“I was shocked to learn this could happen, and am deeply troubled that anyone would choose to take advantage of the situation and buy our street and sidewalks,” said one homeowner, who asked not to be named because of pending litigation.


The guy is from Hong Kong and works in Silicon Valley.

I would set up a toll gate.

rhhardin said...

This guy is a brainiac and master of game theory.

Game theory is math, not being good at strategy, unless it's a mathematized game.

Erika Juhasz Nagy said...

He filed a complaint with the NRLB before posting the article. Google is in trouble.

Bob Loblaw said...

Google is starting the classic big company decline. They have a big river of money coming in, and they act as if that river will never dry up no matter what they do. So they're starting to do all sorts of stupid things because they figure the money thing is set.

This is exactly what happened at Yahoo, right down to the way they're driving out the engineers and replacing them with seat-warmers.

buwaya said...

"and will shortly be employed with the cool kids"

I think he is likely to collect, probably a settlement long before anything like a trial.
Probably enough to be financially independent, and then some.
However I don't think he will be employable in any large company or university. He will be blackballed, for several years anyway. He will however be free to be a private scholar.

"He filed a complaint with the NRLB before posting the article."

If I understand correctly, he filed after posting the article, and seeing the semi-official reaction, but before being identified and before being fired. I don't think he had grounds for a complaint before posting his paper. He may well have had an NLRB complaint lined up waiting for the reaction though.

HoodlumDoodlum said...

Have you read the memo yet, Professor? One of the guy's points is that the executive level positions require a huge time commitment and women are less likely to be willing to commit that much time to work, so if companies want to have more women in those positions the type of work/positions need to change (to be less onerous time-wise).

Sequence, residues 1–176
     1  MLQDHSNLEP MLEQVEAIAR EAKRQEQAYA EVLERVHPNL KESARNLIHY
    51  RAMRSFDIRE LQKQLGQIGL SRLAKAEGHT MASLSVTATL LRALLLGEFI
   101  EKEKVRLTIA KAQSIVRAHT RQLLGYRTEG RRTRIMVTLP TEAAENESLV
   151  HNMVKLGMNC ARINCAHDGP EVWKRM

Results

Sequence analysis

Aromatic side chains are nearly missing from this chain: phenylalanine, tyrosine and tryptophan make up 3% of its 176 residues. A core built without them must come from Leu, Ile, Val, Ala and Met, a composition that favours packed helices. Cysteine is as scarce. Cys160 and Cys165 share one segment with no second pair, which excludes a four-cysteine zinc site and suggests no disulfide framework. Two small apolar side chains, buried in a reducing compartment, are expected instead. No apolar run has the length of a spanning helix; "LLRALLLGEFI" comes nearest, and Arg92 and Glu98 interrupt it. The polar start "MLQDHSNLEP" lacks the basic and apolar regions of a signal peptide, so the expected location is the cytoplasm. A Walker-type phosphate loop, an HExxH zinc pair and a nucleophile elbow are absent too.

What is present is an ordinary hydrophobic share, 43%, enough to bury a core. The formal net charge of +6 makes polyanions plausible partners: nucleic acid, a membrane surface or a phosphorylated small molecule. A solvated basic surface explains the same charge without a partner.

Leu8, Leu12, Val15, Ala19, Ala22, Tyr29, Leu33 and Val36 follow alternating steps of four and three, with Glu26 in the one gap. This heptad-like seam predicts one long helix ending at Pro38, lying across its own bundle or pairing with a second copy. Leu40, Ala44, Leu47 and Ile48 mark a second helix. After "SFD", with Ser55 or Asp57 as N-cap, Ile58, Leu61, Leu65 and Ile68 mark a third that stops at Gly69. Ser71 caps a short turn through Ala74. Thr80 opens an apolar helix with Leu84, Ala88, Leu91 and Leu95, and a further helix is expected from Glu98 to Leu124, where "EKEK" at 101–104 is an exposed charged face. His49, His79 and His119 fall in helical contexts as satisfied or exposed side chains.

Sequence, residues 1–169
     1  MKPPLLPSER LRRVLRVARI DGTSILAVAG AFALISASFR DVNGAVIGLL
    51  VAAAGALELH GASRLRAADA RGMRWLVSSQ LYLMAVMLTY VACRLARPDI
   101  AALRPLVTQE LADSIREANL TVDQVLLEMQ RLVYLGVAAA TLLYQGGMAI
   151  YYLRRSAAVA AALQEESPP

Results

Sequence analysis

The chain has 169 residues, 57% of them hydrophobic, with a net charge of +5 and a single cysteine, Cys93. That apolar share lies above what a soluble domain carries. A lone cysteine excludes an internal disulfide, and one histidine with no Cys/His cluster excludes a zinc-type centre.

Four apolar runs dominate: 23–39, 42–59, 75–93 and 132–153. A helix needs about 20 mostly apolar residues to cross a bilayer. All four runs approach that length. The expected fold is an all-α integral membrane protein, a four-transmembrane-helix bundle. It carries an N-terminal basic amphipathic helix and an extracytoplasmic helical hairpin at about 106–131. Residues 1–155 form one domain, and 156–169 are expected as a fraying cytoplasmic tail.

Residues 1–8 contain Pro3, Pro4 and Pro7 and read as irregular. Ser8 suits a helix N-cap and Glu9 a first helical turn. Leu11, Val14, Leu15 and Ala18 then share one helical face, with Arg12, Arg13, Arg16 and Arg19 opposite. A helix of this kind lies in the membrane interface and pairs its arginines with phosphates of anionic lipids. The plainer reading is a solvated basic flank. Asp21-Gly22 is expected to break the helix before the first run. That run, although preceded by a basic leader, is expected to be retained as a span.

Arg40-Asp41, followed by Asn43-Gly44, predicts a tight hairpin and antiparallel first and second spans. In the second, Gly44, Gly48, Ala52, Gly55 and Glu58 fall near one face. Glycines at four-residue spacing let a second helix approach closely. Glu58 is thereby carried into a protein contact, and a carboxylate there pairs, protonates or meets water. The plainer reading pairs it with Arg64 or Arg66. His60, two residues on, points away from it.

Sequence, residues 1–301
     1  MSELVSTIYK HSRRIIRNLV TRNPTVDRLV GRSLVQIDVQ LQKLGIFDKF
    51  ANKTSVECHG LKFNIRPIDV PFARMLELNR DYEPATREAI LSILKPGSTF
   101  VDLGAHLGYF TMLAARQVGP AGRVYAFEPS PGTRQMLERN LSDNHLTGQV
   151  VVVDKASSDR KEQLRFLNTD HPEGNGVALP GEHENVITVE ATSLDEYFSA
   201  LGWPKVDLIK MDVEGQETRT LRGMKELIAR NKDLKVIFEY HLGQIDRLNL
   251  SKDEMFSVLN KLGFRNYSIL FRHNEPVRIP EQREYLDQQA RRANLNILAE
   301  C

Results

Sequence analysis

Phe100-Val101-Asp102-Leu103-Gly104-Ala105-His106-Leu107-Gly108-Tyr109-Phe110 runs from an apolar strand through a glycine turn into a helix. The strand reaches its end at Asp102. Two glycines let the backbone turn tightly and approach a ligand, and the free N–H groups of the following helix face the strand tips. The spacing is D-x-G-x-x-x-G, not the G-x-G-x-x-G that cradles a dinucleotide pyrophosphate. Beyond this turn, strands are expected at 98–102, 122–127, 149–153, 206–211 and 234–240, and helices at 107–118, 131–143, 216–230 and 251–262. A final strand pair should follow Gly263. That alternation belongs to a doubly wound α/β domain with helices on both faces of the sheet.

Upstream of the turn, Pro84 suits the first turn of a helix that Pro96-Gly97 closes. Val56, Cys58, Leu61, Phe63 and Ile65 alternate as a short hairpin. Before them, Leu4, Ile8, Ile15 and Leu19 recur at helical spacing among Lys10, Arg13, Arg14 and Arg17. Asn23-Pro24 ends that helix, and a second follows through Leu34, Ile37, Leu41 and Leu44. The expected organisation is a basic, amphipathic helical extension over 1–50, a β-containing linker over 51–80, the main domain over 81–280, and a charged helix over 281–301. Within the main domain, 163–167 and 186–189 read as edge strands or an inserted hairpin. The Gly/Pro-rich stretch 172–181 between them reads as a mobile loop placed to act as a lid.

That's...pretty close to what you argue about how "we" should change working life to make it more fair for women, isn't it?

Jason said...

The sheer intellectual dishonesty I'm seeing on the left in characterizing what this guy actually wrote is shocking to behold.

Jupiter said...

"...but the company is entitled and even required to demand that employees not participate in creating unequal working conditions for men and women."

No, actually it's perfectly legal as long as it's intended to redress past discrimination. Where it gets a bit tricky is when, for obvious reasons, they want to take steps to redress past discrimination without admitting to having discriminated in the past. I'm not sure whether you can discriminate to redress a disparate impact without admitting that the disparate impact is a result of discrimination. Given how much employment lawyers get paid, I'm guessing the answer is "yes". When you're getting paid that kind of money, you always answer "yes". Let 'em find out different in court.

Jonathan Graehl said...

http://infoproc.blogspot.com/2017/08/in-matter-of-james-damore-ex-googler.html

The Toothless Revolutionary said...

Do you have a license to practice? You could always seek to serve as his counsel.

theribbonguy said...

This is how we get more Trump.

Today at work our door repair guy showed up at my building. We worked together over a couple weekends awhile back became friends over the hours spent together. Anyhoo, you will never meet anyone less politically involved, he believing that their isn't a dimes difference between the uniparty factions.
This latest example of someone being professionally lynched for having the audacity to express doupleplusungoodbadthought was the final brick. He now is firmly in Trumps camp because of his war on this bullshit political correctness.

CR said...

I heard this story this morning on a news program. In the same segment announcing the Google firing, the newsreader (a woman) touted a scientific study proving that women are cognitively superior to men.

Some Guy said...

>Expressing ideas that hurt people's feelings is an act of violence.

No, violence is physical. Claiming that speech is violence is idiotic, and it's an attempt on your part to intimidate others. So, fuck you.

Todd said...

HoodlumDoodlum said...

What matters is that he hurt womens' feelings. That is intolerable.

8/8/17, 10:25 AM


Correction, he hurt the "wrong" womens' feelings. Had it been a bunch of bible-thumping women or conservative women or NRA member women, the hurt feelings would either not matter at all or be justified BUT because the feelz of liberal/leftist women were hurt, fetch the stake, firewood, rope, gas, and matches...

Todd said...

Roy Jacobsen said...

Damore is the un-named boy in A Wrinkle in Time who could not (or would not) bounce his ball in the correct rhythm.

8/8/17, 11:18 AM


So there you are! The other person that read that book! I knew there had to be at least two of us but could not locate another...